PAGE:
By Amberly Dressler, Managing Editor
With a click-through rate higher than many industries - including retail, sports and travel - social media networks like Twitter, LinkedIn and Google+ are capitalizing on their users' willingness to open their emails (22 percent open rate, according to MailChimp) and click through (4 percent) by creating "email highlight reels" to showcase some of the most popular activity occurring on their network.
Social networks are using their ocean of data to personalize these emails to motivate individuals to act based on posts they may have missed, people they should follow and what is popular within their own network. To get started, let's look at real-world examples of this trend and the strategies used before marketers hit send.
While other social networks are sending highlight reel emails too, these messages may be especially important for the future of Twitter because of its largely inactive user base. Business Insider came to the conclusion that for every five new Twitter signups, four don't go on to use the service even once per month. Part of the problem could be users don't see enough content that interests them enough to participate. As such, Twitter has not only started sending recommendations on who to follow, but also "Popular in Your Network" emails that highlight popular tweets from accounts a person already follows - hoping they will motivate users to visit the network then, and again (see image).
(Twitter's "Popular in Your Network" emails highlight activity a user may be interested in further engaging with, like this tweet from the LA Dodgers.)
Although receiving similar emails daily could make recipients lose interest, the near real-time nature of highlight reels, as well as the personalization factor (targeted to the individual based on their behaviors, demographics and preferences) keeps the content fresh. Further, there is an anticipatory effect that brands create in the mind of a customer when a brand promotes a specific message or content module on a regular basis, according to Ryan Hofmann, chief brand strategist at Listrak.
Perhaps more importantly, Listrak reports that one-third of the top 1,000 retailers send more than 20 emails per month - with little to show in the way of targeting, much less personalization - so sending highly relevant daily or weekly emails should be of little concern as it relates to desensitization. In fact, this common lack of personalization is one of the reasons retailers are taking a page from social networks' playbooks and creating email highlight reels of their own.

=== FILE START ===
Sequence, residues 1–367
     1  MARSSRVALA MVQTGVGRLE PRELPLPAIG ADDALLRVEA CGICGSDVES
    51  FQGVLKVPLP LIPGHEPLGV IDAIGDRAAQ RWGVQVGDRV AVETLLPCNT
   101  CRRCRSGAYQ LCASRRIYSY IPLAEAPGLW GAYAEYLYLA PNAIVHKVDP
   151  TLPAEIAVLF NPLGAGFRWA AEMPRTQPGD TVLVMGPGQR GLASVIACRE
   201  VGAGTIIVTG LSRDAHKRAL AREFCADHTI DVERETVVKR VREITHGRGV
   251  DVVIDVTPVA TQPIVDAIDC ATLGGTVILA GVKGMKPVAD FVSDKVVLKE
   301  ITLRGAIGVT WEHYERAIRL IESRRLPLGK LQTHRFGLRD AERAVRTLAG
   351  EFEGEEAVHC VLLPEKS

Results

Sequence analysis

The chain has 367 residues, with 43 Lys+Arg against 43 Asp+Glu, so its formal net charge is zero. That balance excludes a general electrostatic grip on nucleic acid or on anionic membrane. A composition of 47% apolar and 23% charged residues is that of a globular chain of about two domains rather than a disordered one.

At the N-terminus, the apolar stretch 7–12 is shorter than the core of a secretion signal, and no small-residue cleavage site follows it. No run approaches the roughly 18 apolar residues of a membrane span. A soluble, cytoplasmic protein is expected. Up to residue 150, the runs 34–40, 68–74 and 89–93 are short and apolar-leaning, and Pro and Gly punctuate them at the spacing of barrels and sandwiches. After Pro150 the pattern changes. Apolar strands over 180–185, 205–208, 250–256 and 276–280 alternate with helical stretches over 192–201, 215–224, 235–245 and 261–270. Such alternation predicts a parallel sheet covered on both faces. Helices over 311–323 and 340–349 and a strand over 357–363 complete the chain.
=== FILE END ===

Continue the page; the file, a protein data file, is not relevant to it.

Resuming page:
When it comes to gathering the data needed to send highly personalized highlight reel emails, social media networks have a major advantage as their users freely surrender their information, such as who they are, what they like and who they are associated with. Retailers, on the other hand, have to work a little harder to gather complete customer profiles, especially for shoppers who have yet to buy. This is where email highlight reels prove useful.
Using the wisdom of the crowd (what people, who are similar to the recipient, are clicking on and buying), retailers can send recommendations based on newest trending products and top sellers from that month. Leveraging Listrak, Mood - a fabric store often featured on the show "Project Runway" - des just that to drive revenue, website traffic and engagement (read more about Mood's email strategy at wsm.co/emailrunway).
Hofmann of Listrak warns that these campaigns do take a bit more time to set up initially but do not require much upkeep. Email marketers will want to ensure the messaging and taglines used don't necessarily go out of style or that the content doesn't need to be changed more often than seasonally. Once the content is selected, the recommendations are dynamically populated by a retailer's product catalog and visitor behavior, with limited maintenance needed from the brand.
For the Win
By personalizing highlight-reel content based on individuals' activity and the wisdom of their networks, brands will stay top of mind as recipients consider what to buy or how to spend their time in the long term.